While the final tally of last week’s provincial election may have caught some in Kitchener-Conestoga off guard as PC candidate Michael Harris unseated incumbent Leeanna Pendergast, Barry Kay was not surprised with the result.
“The Conestoga seat was one I expected to go Conservative,” said Kay, a political science professor at Wilfrid Laurier University and expert on modeling election results.
“I expected them [the Conservatives] to pick it up, and they did.”
Harris defeated Pendergast by about 3,500 votes to win the riding – 18,005 to 14,469 – along with nearly 44 per cent of the share of voters. NDP candidate Mark Cairns finished third with just over 7,000 votes.
On Wednesday afternoon, Kay gave a public lecture on the outcome of the election at the Kitchener Public Library’s Forest Heights Branch and provided some insight into what is likely to come with the Liberal minority government.
“I suggested that the biggest surprise of the election was not so much the totals and the seats,” said Kay over the phone after his presentation, “it was the fact that the province split in terms of its trends.”
What Kay was referring to was the deepening division between the urban and rural communities of the province and the impact that division had on the outcome of the election.
While the Conservatives made strong inroads in the rural and smaller urban communities of the province – areas like Kitchener-Waterloo, which was awash in a wave of blue on the morning of Oct. 7 – they failed to make a dent in the major urban centers like Toronto, Ottawa and Hamilton.
That failure was one of the primary reasons for Tim Hudak failure to unseat Premier Dalton McGuinty, according to Kay.
“In the GTA the Liberals did better this time than they did last time,” said Kay referring to the fact the Liberals won 19 of 23 ridings in the 416 area code – the NDP took the remaining four. The Conservatives were completely shut-out of Toronto and took only one seat in the entire GTA.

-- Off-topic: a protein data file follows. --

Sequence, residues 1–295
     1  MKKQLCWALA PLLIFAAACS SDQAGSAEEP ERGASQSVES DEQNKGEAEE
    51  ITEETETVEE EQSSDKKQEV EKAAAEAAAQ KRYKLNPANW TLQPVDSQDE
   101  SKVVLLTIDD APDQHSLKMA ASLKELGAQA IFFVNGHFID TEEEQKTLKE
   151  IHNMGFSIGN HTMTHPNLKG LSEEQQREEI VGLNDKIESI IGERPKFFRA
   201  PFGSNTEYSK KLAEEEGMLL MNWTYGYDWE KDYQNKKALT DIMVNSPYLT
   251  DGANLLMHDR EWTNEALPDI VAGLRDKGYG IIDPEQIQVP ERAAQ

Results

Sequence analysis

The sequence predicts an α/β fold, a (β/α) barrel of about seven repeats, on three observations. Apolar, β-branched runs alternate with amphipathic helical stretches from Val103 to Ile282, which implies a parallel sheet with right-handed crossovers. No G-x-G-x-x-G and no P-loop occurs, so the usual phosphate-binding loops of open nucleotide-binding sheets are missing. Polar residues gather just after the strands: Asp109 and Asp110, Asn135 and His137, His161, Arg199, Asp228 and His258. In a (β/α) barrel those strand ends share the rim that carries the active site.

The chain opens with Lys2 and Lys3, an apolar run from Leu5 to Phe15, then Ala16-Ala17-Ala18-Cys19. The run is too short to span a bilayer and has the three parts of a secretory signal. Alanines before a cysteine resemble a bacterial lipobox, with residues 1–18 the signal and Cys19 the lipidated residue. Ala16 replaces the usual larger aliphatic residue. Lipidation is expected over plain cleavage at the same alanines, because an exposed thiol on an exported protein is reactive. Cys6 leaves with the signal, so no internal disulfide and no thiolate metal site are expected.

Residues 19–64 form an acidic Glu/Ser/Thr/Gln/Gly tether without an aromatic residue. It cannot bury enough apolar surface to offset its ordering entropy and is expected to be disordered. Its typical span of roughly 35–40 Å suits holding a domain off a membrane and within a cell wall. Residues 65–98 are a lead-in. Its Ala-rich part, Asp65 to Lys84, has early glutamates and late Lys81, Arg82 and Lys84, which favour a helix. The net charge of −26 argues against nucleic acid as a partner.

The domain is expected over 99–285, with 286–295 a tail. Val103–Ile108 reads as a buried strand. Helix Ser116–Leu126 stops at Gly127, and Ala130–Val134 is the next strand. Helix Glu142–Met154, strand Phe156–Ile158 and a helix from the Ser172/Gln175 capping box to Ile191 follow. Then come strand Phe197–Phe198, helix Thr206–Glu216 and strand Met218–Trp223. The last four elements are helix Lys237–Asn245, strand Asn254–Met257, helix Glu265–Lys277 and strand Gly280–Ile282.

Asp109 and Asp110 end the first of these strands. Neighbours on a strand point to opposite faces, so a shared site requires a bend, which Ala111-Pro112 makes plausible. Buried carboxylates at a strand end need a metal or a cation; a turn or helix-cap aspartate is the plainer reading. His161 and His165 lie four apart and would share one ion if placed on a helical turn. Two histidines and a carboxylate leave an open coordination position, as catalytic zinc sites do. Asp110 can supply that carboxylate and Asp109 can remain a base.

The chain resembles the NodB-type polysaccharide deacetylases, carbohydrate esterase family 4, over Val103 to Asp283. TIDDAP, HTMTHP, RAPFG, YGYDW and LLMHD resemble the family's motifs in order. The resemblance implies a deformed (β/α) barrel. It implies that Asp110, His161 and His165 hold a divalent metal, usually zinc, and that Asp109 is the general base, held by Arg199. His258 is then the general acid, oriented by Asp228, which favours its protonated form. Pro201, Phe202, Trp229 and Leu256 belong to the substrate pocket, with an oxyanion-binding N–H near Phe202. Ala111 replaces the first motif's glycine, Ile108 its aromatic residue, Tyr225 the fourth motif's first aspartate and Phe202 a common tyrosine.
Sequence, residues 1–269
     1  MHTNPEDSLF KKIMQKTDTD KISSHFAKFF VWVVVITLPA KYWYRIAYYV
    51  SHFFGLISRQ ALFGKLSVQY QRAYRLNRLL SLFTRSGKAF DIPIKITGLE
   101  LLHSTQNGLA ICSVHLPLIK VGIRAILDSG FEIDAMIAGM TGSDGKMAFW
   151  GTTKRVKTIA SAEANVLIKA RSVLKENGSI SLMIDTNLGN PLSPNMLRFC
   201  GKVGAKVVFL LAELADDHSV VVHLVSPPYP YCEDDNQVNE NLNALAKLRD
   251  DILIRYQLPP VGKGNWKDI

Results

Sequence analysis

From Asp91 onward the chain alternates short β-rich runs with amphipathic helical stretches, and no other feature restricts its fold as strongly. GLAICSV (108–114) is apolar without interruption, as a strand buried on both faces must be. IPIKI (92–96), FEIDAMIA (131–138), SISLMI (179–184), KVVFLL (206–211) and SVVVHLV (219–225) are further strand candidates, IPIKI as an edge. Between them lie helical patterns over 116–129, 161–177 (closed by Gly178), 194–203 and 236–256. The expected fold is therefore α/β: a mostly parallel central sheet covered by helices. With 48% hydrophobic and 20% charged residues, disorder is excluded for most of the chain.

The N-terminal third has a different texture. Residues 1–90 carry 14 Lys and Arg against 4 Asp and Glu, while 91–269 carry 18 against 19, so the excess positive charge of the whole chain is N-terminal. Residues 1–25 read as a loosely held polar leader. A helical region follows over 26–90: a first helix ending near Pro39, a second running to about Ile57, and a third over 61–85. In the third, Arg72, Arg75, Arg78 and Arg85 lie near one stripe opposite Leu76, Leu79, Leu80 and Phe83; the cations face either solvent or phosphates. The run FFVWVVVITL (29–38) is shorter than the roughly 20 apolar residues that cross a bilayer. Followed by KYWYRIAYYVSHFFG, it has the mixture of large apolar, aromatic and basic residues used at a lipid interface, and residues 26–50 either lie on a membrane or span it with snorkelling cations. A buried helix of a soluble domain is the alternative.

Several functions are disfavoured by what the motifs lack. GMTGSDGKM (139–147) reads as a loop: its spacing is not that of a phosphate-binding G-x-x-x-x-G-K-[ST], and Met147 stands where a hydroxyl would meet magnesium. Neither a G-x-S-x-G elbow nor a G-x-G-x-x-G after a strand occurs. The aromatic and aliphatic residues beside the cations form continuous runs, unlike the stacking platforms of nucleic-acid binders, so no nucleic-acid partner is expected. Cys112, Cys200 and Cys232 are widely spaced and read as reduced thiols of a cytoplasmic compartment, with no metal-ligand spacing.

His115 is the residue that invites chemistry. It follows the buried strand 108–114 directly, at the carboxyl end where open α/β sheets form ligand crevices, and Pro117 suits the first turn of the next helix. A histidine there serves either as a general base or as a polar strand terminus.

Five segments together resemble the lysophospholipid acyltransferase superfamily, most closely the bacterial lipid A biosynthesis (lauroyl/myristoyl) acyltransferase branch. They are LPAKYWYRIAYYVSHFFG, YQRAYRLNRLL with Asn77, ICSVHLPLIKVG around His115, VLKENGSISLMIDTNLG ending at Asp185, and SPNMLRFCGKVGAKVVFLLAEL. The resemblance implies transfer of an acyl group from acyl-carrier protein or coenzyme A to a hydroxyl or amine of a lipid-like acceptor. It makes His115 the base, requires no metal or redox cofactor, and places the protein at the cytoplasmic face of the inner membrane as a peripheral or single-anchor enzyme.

“What we saw was an even stronger trend towards the Liberals than we did in 2007, whereas the trend in rural Ontario – if I can call it that – was very much in the other direction.
“To have a shot at forming a government, they are going to have to crack into urban Ontario.”
Kay said this was the result of Hudak failing to position himself as a credible alternative to McGuinty after eight years of Liberal leadership. While voters may have grown disenchanted with the Liberal leader over the years, they just couldn’t see Hudak as a better alternative.
“We were doing projections back in the summer where the Conservatives weren’t just ahead, they were in majority territory,” said Kay.
“But people who were swing voters and who were prepared to give the Conservatives a chance at one point took a look at Hudak and realized he wasn’t any better or more attractive than McGuinty.”
Despite his inability to capitalize on the voting public’s malaise towards McGuinty, Hudak will likely remain as the leader of the provincial Conservative party, said Kay, adding he is unsure of how the party will pry those critical urban seats away from Liberal hands.
“By some standards this was a good election for the Conservatives, but forming a majority government is challenged by the fact that they’re further away in Toronto [and other urban areas] than ever.”